I almost wish I were going to Milwaukee with Kevin and Oliver tomorrow, so I could give little buddy's mama a hug.

Thursday, July 16, 2009

milky, milky

Kevin sent off the third and final shipment today. Grandtotal: 117# of milk sent to the Mother's Milk Bank. Not bad, if I do say so myself.

Let's see, I collected the milk over a 2.5 month period. So, by extension, I would have produced 560# of milk over the course of a year. In comparison, 1904's world-record-holding COW produced 620# of milk in just 7 days. As far as I can tell, the current record holder produced 75,275# during calendar year 1998.

Wednesday, July 15, 2009

little buddy

One of Oliver's little buddies is not doing weel. He's at the top of the transplant list, but his mom says the doctors are talking about putting him on a heart machine to stabilize him.

He's already completely sedated. Even in that state, his mom says his heart starts racing and his blood pressure shoots up if anyone talks to him or touches him. He can no longer even tolerate a gentle head rub, which he used to enjoy.

I've been holding Oliver more lately.

cardiology appointment, part ???

Monday, Papa took Oliver to his cardiology appointment. Here's the update:

diuretic down to once a day.
heart medicine still 3x daily.
antacid still 2x daily.
6.9 kilos (15 # 3 oz)
68 cm (27")
Echocardiogram looked better than last time.
X-ray scheduled for his next visit.
Next appointment:

Wednesday, July 8, 2009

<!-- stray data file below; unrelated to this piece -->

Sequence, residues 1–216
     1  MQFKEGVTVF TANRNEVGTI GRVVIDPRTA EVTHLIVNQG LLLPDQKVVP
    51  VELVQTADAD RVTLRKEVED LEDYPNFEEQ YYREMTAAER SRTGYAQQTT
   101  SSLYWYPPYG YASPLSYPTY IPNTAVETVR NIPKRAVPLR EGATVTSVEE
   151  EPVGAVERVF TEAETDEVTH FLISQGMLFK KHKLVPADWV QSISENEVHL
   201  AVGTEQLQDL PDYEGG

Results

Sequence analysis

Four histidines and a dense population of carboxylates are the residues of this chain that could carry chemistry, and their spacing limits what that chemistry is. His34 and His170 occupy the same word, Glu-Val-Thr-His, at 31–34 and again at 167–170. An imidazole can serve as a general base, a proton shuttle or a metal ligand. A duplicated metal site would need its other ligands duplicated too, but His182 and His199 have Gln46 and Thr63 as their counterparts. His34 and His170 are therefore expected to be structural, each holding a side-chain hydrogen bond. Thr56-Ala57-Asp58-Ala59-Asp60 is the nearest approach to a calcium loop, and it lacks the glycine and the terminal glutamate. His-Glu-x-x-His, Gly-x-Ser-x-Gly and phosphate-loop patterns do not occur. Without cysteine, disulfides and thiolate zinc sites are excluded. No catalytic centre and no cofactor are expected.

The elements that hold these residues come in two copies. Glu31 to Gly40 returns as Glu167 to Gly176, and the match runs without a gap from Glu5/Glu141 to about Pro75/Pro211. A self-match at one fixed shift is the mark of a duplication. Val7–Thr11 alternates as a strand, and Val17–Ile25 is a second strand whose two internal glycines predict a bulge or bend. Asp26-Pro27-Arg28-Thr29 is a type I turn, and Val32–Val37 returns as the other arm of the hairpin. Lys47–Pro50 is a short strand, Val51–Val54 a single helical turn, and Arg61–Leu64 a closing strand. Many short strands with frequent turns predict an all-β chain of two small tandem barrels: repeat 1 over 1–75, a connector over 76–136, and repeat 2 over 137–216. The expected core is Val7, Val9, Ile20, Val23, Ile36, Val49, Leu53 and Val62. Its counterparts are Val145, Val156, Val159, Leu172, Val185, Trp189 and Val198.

second shipment

Tuesday I sent another 55 # of milk off to Colorado. The milk bank pays for shipping. Out of curiosity, I asked how much shipping cost. Without an account, sending a 37# box overnight costs around $150.00. I'm glad the milk bank pays the shipping, but I would have paid just so I didn't have to face the task of thawing and disposing of all of that milk!

Saturday, July 4, 2009

bad night

This evening, I lay down with Oliver in our bed as he fell asleep. Then, I watched him sleep and I cried. I feel so frustrated that I cannot protect my son. I will never be able to tell him, "I won't ever let anyone hurt you," because, in all honesty, I already have and I will do it again. I will hand him back over to the surgeons who saved his life once in the hopes that they can do it again, when the time comes. But, oh the pain for him. And he's such a sweet little baby-so soft and gentle.

Friday, July 3, 2009

Oliver may no longer...

...sleep on our bed. Tonight, I put him down before he fell asleep. He rolled back and forth and back and forth and then over and over and almost off. The little stink-pot.

He's also started pulling his little legs up underneath himself while he's on his belly. I sure hope he figures out how to crawl soon. It is clear he wants to explore. His whole body will strain towards an object that's just out of reach. He'll whine and cough until someone helps him get the object in question, mostly cough. Big sister got the same way before she figured out how to locomote. As soon as she figured out how to get around, the crying got a LOT less frequent.

Wednesday, July 1, 2009

Oliver likes...

...these Teddy Bears.

(recognize the seat, Aunt Jane? Big sister liked this seat, but Oliver LOVES it.)